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Wilderness Medical Society - snowmass 2005 (Page 179)

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Wilderness Medical Society - snowmass 2005
9
front of the litter as the litter "driver's" position. It is best to support a litter skeletally by
utilizing straps, webbing, or pack frames rather than depending on hand grips.
The patient must be carefully "packaged" in the litter for maximum safety and
comfort. Protect the patient's head and eyes. Pad stress points, e.g., where the straps press
against the body, and the voids, e.g., in the small of the back and behind the knees.
Protect from wind, cold, and precipitation. To prevent decubitus ulcers, have the patient
move occasionally or alter the patient's position at least every two hours if he or she is
unconscious. Expect to handle urine and fecal elimination by allowing the functional
patient to leave the stretcher with assistance (if serious spine injuries can be cleared), or
provide appropriate tilting and/or cleansing toweling to catch excrement. To prevent
deep vein thrombosis it is necessary to allow leg movement or to move or massage legs
hourly, as long as this does not increase the severity of the original injury. If the litter is
improvised, test the system and padding first on an uninjured person.

III. GUIDELINES FOR HELICOPTER EVACUATION
Helicopters can significantly reduce the time to definitive care when used for emergency
transportation of the sick or injured. The decision to use a helicopter for an evacuation
must take into account clinical, logistical, and environmental factors. Using a helicopter
always adds an element of risk both to rescuers and victim, and a note requesting an air
evacuation should include all known specific hazards relative to the rescue. This risk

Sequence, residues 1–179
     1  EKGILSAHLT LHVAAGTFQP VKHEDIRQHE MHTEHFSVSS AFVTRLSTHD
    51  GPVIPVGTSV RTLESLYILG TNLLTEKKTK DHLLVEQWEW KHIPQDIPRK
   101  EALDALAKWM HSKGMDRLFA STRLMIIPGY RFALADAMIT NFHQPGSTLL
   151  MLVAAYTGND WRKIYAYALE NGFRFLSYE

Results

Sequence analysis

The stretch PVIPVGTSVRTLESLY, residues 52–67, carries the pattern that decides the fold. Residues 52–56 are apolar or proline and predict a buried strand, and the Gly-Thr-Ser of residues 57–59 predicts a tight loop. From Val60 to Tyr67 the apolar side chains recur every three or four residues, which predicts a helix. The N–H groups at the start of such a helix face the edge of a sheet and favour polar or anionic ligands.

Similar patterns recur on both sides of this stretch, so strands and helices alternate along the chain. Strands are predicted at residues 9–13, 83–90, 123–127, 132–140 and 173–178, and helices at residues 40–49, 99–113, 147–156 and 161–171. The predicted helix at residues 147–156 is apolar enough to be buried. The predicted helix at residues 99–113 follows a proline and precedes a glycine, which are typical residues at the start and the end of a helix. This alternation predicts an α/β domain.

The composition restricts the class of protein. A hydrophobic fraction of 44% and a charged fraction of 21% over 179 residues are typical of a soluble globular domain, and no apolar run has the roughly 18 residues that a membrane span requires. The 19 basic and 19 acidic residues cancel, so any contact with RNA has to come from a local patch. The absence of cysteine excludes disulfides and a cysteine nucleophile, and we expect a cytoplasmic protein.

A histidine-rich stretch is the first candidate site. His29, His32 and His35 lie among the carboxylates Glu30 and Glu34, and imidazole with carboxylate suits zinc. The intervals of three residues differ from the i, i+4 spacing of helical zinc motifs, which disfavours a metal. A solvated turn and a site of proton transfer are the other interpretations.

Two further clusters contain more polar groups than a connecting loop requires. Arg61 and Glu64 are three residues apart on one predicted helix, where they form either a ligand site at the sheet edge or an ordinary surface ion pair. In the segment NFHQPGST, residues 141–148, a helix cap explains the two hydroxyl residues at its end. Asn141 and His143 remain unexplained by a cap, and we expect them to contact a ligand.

must be balanced against the risk to the patient, other members of the party, or the rescue
team if the patient is evacuated by ground. Evacuate by helicopter only if: 1) a victim's
life will be saved, 2) the victim has a significantly better chance for full recovery via a
helicopter evacuation, 3) the pilot believes that conditions are safe enough to do the
evacuation, 4) a ground evacuation may be unusually dangerous to the ground crew, 5)
ground evacuation would be excessively prolonged, or 6) there are not enough rescuers
available for a ground evacuation.
Four important points must be kept in mind: 1) evacuating a patient by ground
may be faster than waiting for a helicopter (especially in high risk flight conditions); 2)
begin evacuation by ground if the helicopter may not be able to respond, or removal from
the accident site would benefit the patient, e.g., descent for altitude sickness; 3) patient
may need to be moved to an appropriate landing site; and 4) do not use a helicopter to
recover a corpse under emergency conditions.

A. Aircraft Limitations
Helicopters have various configurations, with different capabilities, and different crew
skill levels. All helicopters are adversely affected by increased altitude, high
environmental temperature, high wind, and heavy payload. The aircraft pilot makes the
ultimate decisions concerning flight operations. A helicopter must not fly into known
icing conditions or into even moderate storm conditions. Winds over 45 mph, night
flights into mountains, and landing in high winds are extremely hazardous. Not all
helicopters or pilots are capable of flying by instruments into cloudy or foggy conditions.
Moreover, instrument flight rules (IFR) are generally used only for airport-to-airport
transport, not in flights to to wilderness destinations; and most EMS helicopters are not
equipped for IFR. Party leaders must be familiar with ground-to-air signals, and if radio

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